As Stephen Poloz goes into his penultimate policy decision as Bank of Canada governor on Wednesday, economists are trying to gauge how much of a buying mood he’s in.
With the country suffering one of its sharpest downturns since the Great Depression, Poloz is widely expected to dig deeper into his unconventional toolkit, whether that’s at the April 15 meeting or later. His term expires June 2, which means he’ll also oversee deliberations for the central bank’s next statement on June 3.
The central bank has already cut interest rates to near zero and injected $150 billion into financial markets with a program of asset purchases. Additional measures could include following the Reserve Bank of Australia’s recent move into yield curve control, introducing more explicit forward guidance on future policy intentions, or broadening asset purchases to include long-term provincial securities and corporate debt.
One thing he’s not expected to do with the 10 a.m. statement on Wednesday is lower the Bank of Canada’s policy rate below the current setting of 0.25 per cent, which Poloz has said is the effective lower bound.
Do you think Stephen Poloz’s term at the Bank of Canada should be extended?
What Bloomberg’s Economists Say
“While the overnight rate is at the effective lower bound, an expansion of large-scale asset purchases to include corporate debt or provincial bonds is a compelling target.”
The Bank of Canada embarked on its first ever large scale asset purchase program last month. The move to buy at least US$5 billion of Canadian government bonds each week, on top of almost $100 billion of securities purchased under resale agreements, will help sop up the massive amount of debt the federal government is expected to issue in coming months to finance its stimulus package.
That program could easily be expanded to include other asset classes, with longer-dated provincial bonds the most likely option, according to Derek Holt at Scotiabank. That’s one corner of the credit markets still experiencing strained credit conditions, at a time when provincial governments are looking to finance growing deficits.
By targeting provincial debt, “you’d be saying ‘look, we’ve got your back,’” Holt said in a phone interview, adding that would likely have beneficial effects on borrowing costs for municipalities, agencies and large corporations. Though one difficulty is political: how much of each province’s debt to buy?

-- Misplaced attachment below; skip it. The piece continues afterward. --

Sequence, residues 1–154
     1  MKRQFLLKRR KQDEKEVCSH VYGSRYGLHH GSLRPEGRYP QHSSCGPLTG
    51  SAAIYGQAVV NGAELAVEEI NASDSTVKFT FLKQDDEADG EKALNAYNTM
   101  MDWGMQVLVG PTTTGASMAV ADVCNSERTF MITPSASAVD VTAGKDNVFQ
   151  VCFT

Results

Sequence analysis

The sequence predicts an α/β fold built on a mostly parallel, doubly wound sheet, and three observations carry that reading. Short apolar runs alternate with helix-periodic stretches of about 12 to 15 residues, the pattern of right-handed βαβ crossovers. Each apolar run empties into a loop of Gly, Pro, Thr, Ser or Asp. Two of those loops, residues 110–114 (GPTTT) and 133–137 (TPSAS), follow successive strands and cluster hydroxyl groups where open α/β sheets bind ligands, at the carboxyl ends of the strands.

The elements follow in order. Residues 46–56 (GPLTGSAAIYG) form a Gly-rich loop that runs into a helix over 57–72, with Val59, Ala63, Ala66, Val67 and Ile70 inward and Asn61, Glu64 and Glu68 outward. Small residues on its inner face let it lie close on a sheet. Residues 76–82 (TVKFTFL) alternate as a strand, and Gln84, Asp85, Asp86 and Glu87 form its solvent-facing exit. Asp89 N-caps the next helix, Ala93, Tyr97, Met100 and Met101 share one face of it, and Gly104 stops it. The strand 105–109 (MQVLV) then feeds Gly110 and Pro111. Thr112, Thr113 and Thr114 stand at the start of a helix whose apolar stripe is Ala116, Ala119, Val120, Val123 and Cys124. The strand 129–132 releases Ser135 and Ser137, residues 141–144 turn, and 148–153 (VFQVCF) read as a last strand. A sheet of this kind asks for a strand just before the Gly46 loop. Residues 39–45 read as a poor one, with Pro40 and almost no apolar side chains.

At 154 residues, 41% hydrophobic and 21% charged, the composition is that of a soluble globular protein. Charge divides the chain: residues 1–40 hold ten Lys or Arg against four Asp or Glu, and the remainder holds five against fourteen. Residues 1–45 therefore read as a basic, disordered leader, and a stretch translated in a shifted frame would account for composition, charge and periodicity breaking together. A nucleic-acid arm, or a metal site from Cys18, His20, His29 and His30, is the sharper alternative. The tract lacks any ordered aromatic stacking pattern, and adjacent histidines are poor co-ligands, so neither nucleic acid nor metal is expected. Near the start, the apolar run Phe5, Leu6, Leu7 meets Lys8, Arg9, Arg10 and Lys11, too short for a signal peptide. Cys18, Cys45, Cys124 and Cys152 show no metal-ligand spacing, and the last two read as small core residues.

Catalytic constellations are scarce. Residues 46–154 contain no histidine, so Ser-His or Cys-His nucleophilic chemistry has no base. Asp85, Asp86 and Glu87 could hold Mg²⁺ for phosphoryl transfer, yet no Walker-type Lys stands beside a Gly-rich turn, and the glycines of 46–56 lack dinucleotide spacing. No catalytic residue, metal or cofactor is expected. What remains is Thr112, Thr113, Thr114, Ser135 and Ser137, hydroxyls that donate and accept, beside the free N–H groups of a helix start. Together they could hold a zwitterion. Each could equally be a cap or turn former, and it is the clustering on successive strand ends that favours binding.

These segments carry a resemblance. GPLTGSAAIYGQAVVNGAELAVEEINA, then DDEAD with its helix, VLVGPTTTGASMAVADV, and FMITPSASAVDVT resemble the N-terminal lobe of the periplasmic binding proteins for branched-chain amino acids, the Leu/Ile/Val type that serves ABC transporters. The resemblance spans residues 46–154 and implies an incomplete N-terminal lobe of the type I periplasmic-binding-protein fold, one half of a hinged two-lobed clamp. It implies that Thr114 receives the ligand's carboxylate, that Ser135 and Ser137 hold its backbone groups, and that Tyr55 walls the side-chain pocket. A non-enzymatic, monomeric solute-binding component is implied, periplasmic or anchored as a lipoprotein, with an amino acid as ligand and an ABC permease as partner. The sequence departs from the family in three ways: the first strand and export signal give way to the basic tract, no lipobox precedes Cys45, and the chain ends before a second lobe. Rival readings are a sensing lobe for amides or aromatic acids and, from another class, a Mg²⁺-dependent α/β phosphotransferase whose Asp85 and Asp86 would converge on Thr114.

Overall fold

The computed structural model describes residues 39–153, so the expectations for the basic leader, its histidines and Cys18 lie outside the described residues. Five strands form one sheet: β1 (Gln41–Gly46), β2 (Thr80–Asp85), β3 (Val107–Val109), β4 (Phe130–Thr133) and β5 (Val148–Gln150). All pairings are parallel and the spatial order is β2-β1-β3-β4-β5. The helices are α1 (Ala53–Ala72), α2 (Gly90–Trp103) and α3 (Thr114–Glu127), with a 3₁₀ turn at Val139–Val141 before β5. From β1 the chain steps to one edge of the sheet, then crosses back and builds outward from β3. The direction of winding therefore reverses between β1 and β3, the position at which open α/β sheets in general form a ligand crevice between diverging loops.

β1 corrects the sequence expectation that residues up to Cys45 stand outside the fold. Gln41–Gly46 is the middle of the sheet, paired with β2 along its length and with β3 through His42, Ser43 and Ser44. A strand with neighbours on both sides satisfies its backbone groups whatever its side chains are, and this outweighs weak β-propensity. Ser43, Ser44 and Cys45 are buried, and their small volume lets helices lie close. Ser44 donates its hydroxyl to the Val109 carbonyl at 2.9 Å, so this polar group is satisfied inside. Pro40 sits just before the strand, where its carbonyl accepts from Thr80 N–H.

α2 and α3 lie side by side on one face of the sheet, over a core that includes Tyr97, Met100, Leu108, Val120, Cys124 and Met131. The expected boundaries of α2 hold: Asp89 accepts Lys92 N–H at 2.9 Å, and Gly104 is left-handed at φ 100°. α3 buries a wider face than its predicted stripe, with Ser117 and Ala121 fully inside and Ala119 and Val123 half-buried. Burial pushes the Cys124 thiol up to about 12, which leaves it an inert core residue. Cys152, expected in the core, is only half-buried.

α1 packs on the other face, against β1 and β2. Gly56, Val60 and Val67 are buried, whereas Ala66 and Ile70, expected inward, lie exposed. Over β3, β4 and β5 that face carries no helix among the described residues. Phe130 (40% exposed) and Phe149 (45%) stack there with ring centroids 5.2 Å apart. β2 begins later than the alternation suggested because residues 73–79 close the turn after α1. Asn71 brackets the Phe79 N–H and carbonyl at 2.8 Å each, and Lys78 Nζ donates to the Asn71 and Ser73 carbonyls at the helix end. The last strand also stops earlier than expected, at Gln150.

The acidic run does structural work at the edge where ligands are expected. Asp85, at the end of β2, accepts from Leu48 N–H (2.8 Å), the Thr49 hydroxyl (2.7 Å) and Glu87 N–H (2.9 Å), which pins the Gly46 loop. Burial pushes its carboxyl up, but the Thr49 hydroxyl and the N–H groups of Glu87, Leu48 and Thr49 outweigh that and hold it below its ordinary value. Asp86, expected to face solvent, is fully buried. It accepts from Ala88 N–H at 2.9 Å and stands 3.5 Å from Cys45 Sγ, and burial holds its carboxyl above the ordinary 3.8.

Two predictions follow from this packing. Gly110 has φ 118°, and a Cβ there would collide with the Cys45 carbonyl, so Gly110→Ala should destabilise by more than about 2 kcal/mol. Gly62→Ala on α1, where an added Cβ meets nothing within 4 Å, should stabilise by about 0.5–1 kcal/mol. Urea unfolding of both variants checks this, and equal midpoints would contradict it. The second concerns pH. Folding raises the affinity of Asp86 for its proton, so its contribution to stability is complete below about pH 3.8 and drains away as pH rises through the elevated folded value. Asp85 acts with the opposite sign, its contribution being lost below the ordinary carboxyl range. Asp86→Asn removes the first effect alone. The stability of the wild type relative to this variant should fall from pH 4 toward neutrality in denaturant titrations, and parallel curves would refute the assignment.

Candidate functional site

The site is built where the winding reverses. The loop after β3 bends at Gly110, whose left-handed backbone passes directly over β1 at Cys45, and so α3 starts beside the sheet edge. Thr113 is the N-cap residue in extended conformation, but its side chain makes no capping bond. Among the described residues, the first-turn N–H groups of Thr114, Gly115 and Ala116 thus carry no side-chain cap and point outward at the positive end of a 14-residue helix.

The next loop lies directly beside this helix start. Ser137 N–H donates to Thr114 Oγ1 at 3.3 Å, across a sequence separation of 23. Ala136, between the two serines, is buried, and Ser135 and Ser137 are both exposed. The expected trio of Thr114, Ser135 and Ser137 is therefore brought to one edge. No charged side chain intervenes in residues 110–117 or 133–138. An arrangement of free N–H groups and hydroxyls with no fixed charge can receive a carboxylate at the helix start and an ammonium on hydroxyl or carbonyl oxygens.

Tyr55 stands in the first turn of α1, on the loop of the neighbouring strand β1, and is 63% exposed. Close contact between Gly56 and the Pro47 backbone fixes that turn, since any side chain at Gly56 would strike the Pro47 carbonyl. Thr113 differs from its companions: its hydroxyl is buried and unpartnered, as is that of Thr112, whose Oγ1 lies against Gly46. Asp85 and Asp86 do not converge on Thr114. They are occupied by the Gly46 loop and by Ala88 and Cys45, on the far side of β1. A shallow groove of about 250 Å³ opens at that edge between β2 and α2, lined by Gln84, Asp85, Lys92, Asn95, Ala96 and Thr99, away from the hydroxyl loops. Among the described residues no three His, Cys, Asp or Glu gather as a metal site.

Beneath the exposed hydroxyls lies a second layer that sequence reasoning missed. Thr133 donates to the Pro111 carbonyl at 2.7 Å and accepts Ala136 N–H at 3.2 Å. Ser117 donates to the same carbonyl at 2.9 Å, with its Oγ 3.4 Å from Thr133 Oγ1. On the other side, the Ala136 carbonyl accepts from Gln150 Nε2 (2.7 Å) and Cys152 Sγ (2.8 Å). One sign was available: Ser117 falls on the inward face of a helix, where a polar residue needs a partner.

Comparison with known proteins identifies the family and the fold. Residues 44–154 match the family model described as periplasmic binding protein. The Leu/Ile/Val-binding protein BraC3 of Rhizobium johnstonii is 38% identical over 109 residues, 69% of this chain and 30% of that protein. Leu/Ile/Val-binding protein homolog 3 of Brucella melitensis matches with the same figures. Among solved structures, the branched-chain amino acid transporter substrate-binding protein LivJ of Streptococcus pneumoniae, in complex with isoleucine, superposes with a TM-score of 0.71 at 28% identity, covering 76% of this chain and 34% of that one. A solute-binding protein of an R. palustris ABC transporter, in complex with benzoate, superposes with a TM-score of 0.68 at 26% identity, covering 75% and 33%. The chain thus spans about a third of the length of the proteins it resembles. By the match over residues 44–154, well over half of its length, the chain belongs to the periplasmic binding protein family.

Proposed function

The central bank could also increase weekly purchases to more than C$5 billion, or buy more non-government debt such as mortgage bonds or corporate securities.
Right now, the bank is acquiring assets primarily to restore proper functioning of financial markets, which is why much of the buying has been at the shorter end. But as markets return to more normal conditions, it will eventually need to shift its focus to stimulating the economy. To do that, officials will need to target longer-term borrowing costs where most of the funding for households and businesses takes place, a practice known as quantitative easing.
There are doubts whether QE can be effective in smaller countries like Canada whose long-term bond yields are dictated by monetary policy in other countries. But the practice can be much more effective if the asset buying is concentrated around specific maturities, what economists call yield curve control.
Focusing on the five-year part of the curve would be the most compelling move, according to Ian Pollick at Canadian Imperial Bank of Commerce. “To do this, they would likely target a ‘zone’ for yields in a part of the curve that matter most for businesses and households, which in our view is the 5-year tenor of the curve,” Pollick, global head of non-equity market research, said in a report.
Australia’s central bank adopted a similar policy last month, when it announced a target for three-year government bonds of around 0.25 per cent.
The central bank may also commit to specific monetary policy intentions for a certain period, a tool known as forward guidance. Promising to keep rates low for a long time reduces the risk of a spike in funding costs, allowing banks to offer lower rates to households and businesses than they otherwise might.
Poloz provided a sliver of guidance when he promised last month to continue buying assets until the “economic recovery is well underway.” More clarity around that promise could help cement expectations that interest rates will remain low for much longer.
--With assistance from Esteban Duarte.